When I started Project Love People, I was beyond excited.
I quite literally could not sleep in my tiny little dorm room just thinking about all of the things the company was going to do and create. I wanted to build a team that was going to spread love and simplicity like wildfire. I wanted to shift culture and turn a feeling of indifference to a conviction for love.
I was so passionate about this goal, it even led me to drop out of college. I left Central Washington University my Sophomore year so that I could all my time and energy into PLP and that is exactly what I did.
For around 10 hours a day I would stay parked in front of a computer going absolutely crazy. I was a content machine. Constantly trying to create new things and new programs and at the same time consume a ridiculous amount of content as well. I was reading a book a week and listening to nearly 12 hours of Ted Talks and other leadership based content as well.
I was obsessed.
My walls were covered with pictures of sneakers I was going to buy and cars I wanted to own. I had massive vision boards depicting the most expensive and rare materials I could think of. I was going to be successful at all costs.
And I thought I had the recipe for success.
I created good habits. I had healthy relationships. I consumed good content. I constantly posted good content. I was on my way to becoming the next poster child of entrepreneurship.
And then… I left my little house in Ellensburg and went home for 2 weeks during Christmas time.
During that time I visited friends and family and of course, stopped by my old high school that I graduated from 2 years ago. Every year during that time they put on this massive assembly called “Winter Wishes” and invited previous students to come back and watch. And of course, I was excited to go.
In a way, this was my opportunity to show off. This was a place where people knew me and could see me and hear about all the “amazing” things I was doing (things most people didn’t actually care to hear, but my ego often tries to get the best of me).
And I’ll never forget as I sat there in front of the assembly on a little plastic chair feeling… lost.
I mean I shouldn’t have. This was my home. I loved this place, I gave everything I had to this place, yet today, it just didn’t feel right.
I tried to blame it on the school for a while, “the students were just different” I told myself. “I just haven’t been back in a while that’s all.” But as I thought about it more and more, I don’t think the school had anything wrong at all.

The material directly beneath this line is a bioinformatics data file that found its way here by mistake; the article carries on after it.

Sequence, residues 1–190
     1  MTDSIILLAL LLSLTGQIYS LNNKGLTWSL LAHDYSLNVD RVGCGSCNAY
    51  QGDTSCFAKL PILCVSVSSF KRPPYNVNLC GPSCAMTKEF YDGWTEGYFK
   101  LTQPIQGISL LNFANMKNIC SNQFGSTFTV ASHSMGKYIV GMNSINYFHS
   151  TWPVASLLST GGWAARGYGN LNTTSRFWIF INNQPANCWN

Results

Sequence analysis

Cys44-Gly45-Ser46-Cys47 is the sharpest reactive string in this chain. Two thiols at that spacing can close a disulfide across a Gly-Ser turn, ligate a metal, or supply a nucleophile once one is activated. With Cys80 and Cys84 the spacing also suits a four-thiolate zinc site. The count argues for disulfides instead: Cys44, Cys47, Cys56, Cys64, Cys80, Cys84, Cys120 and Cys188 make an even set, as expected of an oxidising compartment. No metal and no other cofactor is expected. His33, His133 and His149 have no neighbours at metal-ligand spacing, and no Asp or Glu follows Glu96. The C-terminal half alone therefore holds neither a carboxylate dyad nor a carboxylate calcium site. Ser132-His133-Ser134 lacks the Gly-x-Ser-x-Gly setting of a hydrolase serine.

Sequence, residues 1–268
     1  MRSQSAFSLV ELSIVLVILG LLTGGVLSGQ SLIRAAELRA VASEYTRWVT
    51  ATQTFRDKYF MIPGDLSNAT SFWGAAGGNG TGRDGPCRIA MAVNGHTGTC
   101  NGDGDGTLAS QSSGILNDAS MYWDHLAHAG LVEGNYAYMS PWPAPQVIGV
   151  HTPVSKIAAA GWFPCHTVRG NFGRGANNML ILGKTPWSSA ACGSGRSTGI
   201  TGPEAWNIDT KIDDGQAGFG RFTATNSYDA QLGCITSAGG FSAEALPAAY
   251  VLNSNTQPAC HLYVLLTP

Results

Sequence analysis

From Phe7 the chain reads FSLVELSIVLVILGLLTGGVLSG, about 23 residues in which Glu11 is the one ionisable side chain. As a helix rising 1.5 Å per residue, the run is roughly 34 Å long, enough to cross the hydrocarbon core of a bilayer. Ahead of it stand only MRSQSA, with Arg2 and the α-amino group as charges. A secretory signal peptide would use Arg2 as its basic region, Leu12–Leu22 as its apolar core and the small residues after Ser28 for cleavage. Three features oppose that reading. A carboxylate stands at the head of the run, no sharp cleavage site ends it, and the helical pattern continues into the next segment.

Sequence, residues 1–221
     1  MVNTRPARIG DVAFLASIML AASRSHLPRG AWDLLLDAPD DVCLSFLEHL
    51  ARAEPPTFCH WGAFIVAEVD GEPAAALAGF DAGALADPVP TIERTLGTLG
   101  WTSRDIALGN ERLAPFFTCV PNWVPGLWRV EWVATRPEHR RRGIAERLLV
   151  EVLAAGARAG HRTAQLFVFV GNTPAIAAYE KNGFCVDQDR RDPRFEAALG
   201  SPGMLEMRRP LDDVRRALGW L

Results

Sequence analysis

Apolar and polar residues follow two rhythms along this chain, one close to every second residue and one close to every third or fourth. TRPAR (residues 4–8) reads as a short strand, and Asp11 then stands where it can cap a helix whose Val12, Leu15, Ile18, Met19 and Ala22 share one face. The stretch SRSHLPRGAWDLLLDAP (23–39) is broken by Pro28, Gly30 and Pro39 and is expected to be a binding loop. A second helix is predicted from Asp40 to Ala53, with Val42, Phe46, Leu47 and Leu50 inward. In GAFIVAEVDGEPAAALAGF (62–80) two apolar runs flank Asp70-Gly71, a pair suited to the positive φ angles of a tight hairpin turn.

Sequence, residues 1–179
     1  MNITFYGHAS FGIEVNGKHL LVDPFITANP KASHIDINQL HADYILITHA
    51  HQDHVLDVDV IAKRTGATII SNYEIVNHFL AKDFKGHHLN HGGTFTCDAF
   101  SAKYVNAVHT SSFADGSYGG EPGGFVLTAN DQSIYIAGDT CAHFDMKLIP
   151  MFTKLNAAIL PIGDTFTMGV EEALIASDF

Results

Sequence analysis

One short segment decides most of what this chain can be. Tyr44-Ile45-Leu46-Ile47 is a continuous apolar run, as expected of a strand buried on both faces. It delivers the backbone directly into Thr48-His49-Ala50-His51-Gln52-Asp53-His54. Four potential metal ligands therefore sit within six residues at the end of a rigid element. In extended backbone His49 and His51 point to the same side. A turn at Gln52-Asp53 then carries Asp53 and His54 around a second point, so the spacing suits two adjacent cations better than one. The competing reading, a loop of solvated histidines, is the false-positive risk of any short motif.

I did. And maybe still do.
I was so caught up in the excitement of trying to create something that I became more focused on posting than learning people’s names.
I became more focused on my busy schedule than calling my loved ones.
I became more focused on building a business than on… spreading love.
And yet, the entirety of this company is to spread love. Meaning that I am trying to create a business aimed at love and yet, I can’t even find the time to focus on it.
See I think the problem was that I got a lot more focused on DOING instead of BEING.
Over the past year I got really really good at DOING a whole lot. I could fill up a Google Doc with ideas faster than anyone. I could fill up a calendar like no one else. I could post on Instagram like the best social influencer in the world. And yet, even by doing so much, not a lot was getting done.
So when I stepped back into my old school, a place where I poured EVERYTHING into who I was BEING and could care less about what I was DOING it was like I punched myself in the face then kneed myself in the groin and kicked myself on the way down. (Okay maybe that was a little too dramatic but you get the point).
I was so busy pretending to be a business owner that I forgot to be Jared.
And I’ve realized in my life that I think I can be successful in whatever I do. We all can. I can walk in front of any size crowd, give a speech that is total BS full of random bits of advice that I don’t use or follow and collect my check and make a living. In fact, I think I could become pretty damn rich doing that if I really wanted. DOING is not that hard. You can DO anything and become good at it.
The problem is it leaves us empty.
We just become the hands of a task rather than the soul of a life.
See I think true fulfillment comes when we focus on BEING > DOING.
BE the kind of person you would want to be around.
BE full of life.
BE kind to others.
BE the best you that you can be today.
And I have a funny feeling that through your focus on BEING, what you should be DOING will become ever more clear.
BE > DO.